In 1979, before these laws could take hold, the Islamic revolutionaries reversed all social progress including any civil rights granted to women. Women’s Emancipation Day was also abolished. In the Islamic Republic, women are regarded as intellectually and morally inferior. Accordingly, among many things, women are now (a) subjected to violent enforcement of hejab, (b) facing employment restrictions, (c) prohibited from attending national sporting events, (d) facing possible marriage at the legal age of 9 instead of 18, (e) without any rights in divorce and children custody cases, and (f) subjected to inhuman treatments as prisoners including “legalized” rape and stoning. Additionally, the Islamic regime popularized polygamy and temporary marriages by easing legal restrictions giving women less security over their own household and personal relationships.

So why are some women incapable of seeing the difference in their status now as opposed to the 1970s? Why do they believe women attending colleges and wearing provocative hejab are indicative of status quo under the Islamic regime?

It is argued that because Iranians have always lived by conservative Islamic social standards, women were never really liberated and many of the advances in the 1960s and 1970s were not always enforced and realized. Therefore, with the exception of some minor issues such as enforced hejab, the Islamic Republic is not the main factor in women’s limited personal freedom. This is partially correct. Although as a Moslem nation, only men were empowered and laws were not always enforced to protect rights given to women, modernization is a work in progress. Even if and when the laws are changed to provide more power and equal rights to minorities, it takes educating the public and a couple of generations later to see the positive results. Having had about 15 years of emancipation before the Islamic revolution, women in Iran did not have a chance to develop their social status as seen in Western nations, and Iran was robbed of its social modernity. A regime that is based on Sharia laws as opposed to secular laws will not have any tolerance for civil liberties, because it is based on social inequalities and intolerance.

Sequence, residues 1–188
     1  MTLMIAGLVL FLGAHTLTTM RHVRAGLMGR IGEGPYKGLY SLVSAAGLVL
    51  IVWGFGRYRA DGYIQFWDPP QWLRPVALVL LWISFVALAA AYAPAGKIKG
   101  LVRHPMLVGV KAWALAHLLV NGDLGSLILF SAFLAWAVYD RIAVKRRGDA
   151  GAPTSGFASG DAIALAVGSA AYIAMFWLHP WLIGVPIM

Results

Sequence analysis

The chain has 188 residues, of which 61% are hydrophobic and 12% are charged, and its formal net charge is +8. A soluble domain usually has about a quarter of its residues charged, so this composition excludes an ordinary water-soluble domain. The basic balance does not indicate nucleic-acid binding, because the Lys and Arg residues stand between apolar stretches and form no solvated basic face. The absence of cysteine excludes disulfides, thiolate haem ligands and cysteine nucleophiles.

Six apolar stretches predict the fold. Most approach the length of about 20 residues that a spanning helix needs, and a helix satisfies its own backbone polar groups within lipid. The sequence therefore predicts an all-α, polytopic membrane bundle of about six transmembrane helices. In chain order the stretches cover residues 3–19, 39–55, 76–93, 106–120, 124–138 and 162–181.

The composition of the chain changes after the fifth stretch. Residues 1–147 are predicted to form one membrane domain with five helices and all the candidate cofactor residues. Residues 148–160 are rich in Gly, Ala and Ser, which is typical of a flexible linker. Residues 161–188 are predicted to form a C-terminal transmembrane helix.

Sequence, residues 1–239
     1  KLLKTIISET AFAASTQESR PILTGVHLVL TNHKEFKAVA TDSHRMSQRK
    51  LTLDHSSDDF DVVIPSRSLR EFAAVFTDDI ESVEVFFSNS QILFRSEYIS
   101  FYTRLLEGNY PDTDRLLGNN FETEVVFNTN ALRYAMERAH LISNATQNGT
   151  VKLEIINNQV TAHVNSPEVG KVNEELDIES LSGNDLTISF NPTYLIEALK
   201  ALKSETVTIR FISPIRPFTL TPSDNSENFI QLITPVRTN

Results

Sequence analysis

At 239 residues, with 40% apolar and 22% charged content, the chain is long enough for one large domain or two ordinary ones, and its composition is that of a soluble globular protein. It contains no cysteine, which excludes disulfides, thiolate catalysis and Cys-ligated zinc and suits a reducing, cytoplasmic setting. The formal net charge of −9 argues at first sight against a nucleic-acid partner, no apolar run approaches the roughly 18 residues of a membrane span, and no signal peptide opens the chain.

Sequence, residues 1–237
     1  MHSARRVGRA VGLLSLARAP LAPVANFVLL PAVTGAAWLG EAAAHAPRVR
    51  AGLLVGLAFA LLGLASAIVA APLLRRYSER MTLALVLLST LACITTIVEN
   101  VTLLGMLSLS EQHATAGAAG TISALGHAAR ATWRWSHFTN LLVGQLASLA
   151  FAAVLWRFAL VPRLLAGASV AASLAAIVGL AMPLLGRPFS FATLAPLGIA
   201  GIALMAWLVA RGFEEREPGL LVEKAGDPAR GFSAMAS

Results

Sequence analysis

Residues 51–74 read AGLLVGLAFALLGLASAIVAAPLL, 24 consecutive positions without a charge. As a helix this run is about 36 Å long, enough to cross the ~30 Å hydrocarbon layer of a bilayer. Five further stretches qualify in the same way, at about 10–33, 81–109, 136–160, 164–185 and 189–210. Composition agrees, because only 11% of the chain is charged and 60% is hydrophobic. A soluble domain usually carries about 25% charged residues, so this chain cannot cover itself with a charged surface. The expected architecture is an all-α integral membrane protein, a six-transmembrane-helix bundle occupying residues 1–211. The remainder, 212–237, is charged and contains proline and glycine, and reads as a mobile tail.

It is further argued that women’s “provocative” hejab as an indirect act of defiance and their high attendance at the universities are indicative of status quo and progress. This is not correct. These acts are not signs of social liberties granted by the Islamic Republic. For a short period of time in Iran’s modern history, women experienced the freedom to dress according to personal preferences. The Islamic Republic will not tolerate women without proper hejab. The fact that women can no longer choose how to dress is blatant discrimination. The fact that women can pursue an education is a direct result of freedoms granted by the previous regime. Mullahs were and are against women’s emancipation. Furthermore, according to recent studies, the higher ratio of women to men in Iran’s higher education system is not unusual. As a matter of fact, Iran’s ratio is under the median value for that study including several of its neighboring countries. One factor is that men are the breadwinners and with the country’s economy in ruins, young men have to find work to support their families rather than having the luxury of continuing their education. Additionally, in a conservative society where gender interaction is restricted, women have a better chance of finding suitable husbands in a co-ed environment. Finally, most women are not taking places away from male candidates, because majority of them enroll in humanities and social sciences neither of which are typically pursued by male students.